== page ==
Applications of scaffolds: Tools for enhancing the immunomodulation of mesenchymal stromal cells


1Department of Anatomy and Cell Biology, College of Medicine, Chung-Ang University, Seoul, 06974, South Korea
2Department of Global Innovative Drugs, Graduate School of Chung-Ang University, Seoul, 06974, South Korea
3Severance Biomedical Science Institute, Yonsei Biomedical Research Institute, College of Medicine, Yonsei University, Seoul, 03722, South Korea
*Address correspondence to: Hyun Jung Lee, pluto38@cau.ac.kr
#Equally contributed as first authors
Received: 24 August 2021; Accepted: 08 November 2021

Abstract: Exogenously delivered mesenchymal stromal cells (MSCs) are therapeutically beneficial owing to their paracrine effect; they secrete various cytokines, nucleic acids, and proteins. Multiple bioengineering techniques can help MSC cultures to release secretomes by providing stem cell niche-like conditions (both structurally and functionally). Various scaffolds mimic the natural extracellular matrix (ECM) using both natural and synthetic polymers, providing favorable environments for MSC proliferation and differentiation. Depending on material properties, either topographically or elastically structured scaffolds can be fabricated. Three-dimensional scaffolds have tunable substrate rigidities and structures, aiding MSC cultivation. Decellularized ECM-derived hydrogels are similar to the natural ECM, thus improving the paracrine effects of MSCs. Here, we discuss recent research on the application of scaffolds to maximize the immunomodulatory function of MSCs.

Keywords: Extracellular matrix (ECM); Immunomodulation; Mesenchymal stromal cells (MSCs); Scaffolds; Stem cell niche


Mesenchymal stromal cells (MSCs) are defined by the International Society for Stem Cell Research (ISSCR) as fibroblast-like non-hematopoietic cells (Ullah et al., 2015). They are multipotent but are CD40, CD80, and CD86 negative and have low major histocompatibility complex (MHC) I/II values; thus, they are less immunogenic than other stem cells. MSCs are therefore increasingly being utilized for tissue engineering and immunotherapy applications. In particular, MSCs have the potential to modulate inflammatory or immune-activated circumstances by secreting immune modulation factors, nucleic acids or proteins (Li et al., 2019). These immune-modulating factors include indoleamine 2,3-dioxygenase (IDO), heme oxygenase-1 (HO-1), transforming growth factor-β (TGF-β), TNF-α stimulated gene/protein 6 (TSG-6), cyclooxygenease 2 (COX2), prostaglandin E2 (PGE2), hepatocyte growth factor (HepGF), galectins-1 (Gal-1), iNOS, interleukin-6 (IL-6), interleukin-1 receptor antagonist (IL-1Rag), interleukin-10 (IL-10) and human leukocyte antigen-G (HLA-G) (Pittenger et al., 2019). Additionally, secretome from MSCs can regulate the proliferation, differentiation, and activity of most immune cells, including T cells, B cells, natural killer (NK) cells, dendritic cells (DCs), and macrophages (Lee and Song, 2018). MSCs can therefore alleviate inflammatory or immune-related diseases. Emphasis regarding regenerative medicine using MSCs has been shifting toward either producing cytokines or other factors (termed the paracrine effect), rather than the differentiation and rebuilding of damaged tissues using MSCs themselves. The potentiation of the immunomodulatory function of MSCs means that they constitute an emerging and potentially important tool for cell therapy.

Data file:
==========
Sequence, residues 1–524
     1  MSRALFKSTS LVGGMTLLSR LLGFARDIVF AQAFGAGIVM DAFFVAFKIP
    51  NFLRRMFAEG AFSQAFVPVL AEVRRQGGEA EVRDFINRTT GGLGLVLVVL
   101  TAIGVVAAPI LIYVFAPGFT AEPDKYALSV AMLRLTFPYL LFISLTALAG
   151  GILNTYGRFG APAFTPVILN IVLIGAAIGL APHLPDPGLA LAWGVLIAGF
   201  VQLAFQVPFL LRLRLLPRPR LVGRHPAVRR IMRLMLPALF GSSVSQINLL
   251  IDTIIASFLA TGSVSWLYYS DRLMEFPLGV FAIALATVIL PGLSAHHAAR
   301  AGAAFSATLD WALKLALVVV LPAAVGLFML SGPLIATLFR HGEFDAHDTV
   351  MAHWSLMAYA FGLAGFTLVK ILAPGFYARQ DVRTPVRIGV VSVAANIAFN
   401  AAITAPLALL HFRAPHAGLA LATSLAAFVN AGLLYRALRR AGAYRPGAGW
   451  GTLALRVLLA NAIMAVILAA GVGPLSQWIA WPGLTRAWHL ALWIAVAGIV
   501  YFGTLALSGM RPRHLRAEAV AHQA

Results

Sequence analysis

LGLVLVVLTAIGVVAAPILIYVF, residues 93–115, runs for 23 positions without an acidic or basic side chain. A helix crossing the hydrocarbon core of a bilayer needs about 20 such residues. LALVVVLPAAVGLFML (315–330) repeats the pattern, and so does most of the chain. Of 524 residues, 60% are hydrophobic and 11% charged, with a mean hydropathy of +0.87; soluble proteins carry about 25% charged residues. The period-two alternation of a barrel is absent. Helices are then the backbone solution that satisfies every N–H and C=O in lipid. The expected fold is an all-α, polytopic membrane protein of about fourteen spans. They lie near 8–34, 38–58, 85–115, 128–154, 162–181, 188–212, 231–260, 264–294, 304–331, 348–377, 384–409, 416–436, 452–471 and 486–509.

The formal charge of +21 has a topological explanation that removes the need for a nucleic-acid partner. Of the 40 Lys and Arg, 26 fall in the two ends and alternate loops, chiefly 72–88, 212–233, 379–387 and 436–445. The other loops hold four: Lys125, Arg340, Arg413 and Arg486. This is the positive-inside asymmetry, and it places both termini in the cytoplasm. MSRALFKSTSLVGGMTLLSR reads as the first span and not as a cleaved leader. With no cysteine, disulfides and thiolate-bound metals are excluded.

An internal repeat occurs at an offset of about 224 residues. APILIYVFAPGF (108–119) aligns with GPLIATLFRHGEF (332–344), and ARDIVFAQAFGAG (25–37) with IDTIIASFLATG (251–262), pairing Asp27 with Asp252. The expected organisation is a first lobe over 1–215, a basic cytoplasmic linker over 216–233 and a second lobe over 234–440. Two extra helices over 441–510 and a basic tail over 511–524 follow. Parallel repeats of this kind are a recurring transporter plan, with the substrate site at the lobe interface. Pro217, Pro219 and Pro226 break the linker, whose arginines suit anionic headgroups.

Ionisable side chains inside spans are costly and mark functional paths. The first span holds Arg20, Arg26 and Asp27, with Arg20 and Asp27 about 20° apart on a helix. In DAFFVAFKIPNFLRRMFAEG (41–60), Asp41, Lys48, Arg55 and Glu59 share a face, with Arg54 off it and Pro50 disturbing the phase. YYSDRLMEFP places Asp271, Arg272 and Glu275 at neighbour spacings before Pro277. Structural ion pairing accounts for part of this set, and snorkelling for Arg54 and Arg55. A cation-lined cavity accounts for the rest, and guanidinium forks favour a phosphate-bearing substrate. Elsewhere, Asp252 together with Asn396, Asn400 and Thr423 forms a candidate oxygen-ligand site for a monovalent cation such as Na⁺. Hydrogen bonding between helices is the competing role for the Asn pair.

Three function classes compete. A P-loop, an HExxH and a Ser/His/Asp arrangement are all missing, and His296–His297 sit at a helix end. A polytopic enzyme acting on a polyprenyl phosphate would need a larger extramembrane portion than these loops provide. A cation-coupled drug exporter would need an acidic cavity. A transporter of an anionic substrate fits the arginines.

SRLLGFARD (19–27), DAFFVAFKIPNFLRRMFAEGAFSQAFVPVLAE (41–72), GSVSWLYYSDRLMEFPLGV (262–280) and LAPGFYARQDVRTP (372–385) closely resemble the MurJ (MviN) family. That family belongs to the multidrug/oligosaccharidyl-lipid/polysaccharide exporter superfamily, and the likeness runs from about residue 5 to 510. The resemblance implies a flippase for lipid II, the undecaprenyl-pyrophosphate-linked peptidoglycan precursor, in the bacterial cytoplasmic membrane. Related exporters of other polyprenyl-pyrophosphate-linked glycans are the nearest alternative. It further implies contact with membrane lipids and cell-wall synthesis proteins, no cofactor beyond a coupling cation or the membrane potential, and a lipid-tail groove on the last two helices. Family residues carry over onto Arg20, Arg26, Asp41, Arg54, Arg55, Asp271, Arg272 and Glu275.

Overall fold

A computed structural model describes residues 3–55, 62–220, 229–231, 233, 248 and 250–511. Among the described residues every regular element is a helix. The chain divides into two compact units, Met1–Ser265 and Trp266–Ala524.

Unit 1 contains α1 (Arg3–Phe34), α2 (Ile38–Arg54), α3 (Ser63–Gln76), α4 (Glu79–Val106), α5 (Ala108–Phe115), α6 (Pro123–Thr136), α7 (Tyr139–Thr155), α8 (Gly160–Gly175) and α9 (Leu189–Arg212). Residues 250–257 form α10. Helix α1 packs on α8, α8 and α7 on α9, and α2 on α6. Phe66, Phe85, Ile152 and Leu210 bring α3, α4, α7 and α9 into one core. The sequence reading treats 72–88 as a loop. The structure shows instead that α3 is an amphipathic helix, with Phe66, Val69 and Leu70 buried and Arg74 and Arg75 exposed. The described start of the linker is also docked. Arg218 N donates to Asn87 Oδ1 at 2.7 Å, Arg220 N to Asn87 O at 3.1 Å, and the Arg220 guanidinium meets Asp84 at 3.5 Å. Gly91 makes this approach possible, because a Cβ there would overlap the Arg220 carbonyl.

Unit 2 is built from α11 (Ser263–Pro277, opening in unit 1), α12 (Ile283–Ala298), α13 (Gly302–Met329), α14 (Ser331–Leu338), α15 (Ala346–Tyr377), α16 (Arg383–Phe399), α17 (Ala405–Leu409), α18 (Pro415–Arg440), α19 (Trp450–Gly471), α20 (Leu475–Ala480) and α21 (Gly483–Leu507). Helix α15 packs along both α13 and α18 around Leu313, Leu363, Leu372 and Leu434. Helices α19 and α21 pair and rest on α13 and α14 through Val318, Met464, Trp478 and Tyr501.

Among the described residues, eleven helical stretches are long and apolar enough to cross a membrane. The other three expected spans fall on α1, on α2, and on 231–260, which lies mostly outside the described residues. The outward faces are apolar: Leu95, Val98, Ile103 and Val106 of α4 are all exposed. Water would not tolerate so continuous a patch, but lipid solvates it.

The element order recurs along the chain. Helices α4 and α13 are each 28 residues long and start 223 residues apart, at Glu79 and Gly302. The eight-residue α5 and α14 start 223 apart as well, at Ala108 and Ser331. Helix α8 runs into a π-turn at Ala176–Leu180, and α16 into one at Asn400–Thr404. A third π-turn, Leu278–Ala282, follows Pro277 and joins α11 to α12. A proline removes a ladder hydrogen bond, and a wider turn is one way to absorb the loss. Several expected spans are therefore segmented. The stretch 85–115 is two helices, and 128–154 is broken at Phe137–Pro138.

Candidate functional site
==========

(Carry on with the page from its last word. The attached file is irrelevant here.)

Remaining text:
To enhance the capacity of the immunomodulatory function of MSCs, multiple bioengineering techniques can be employed during their cultivation. Scaffolds can be utilized during cell culturing to preserve the tissue architecture and provide a three-dimensional (3D) biomimetic milieu to MSCs, similar to a stem cell niche. It has been known that the dimensionality, physical characteristics, topographical cues, surface chemistry of biomaterials, and micro-structure of scaffolds can regulate the immunomodulatory function of MSCs. Here, we review the link between the immunomodulatory function of MSCs and the properties of scaffolds, particularly topographical cues or substrate elasticities of biomaterials.

Scaffolds with Topographical Features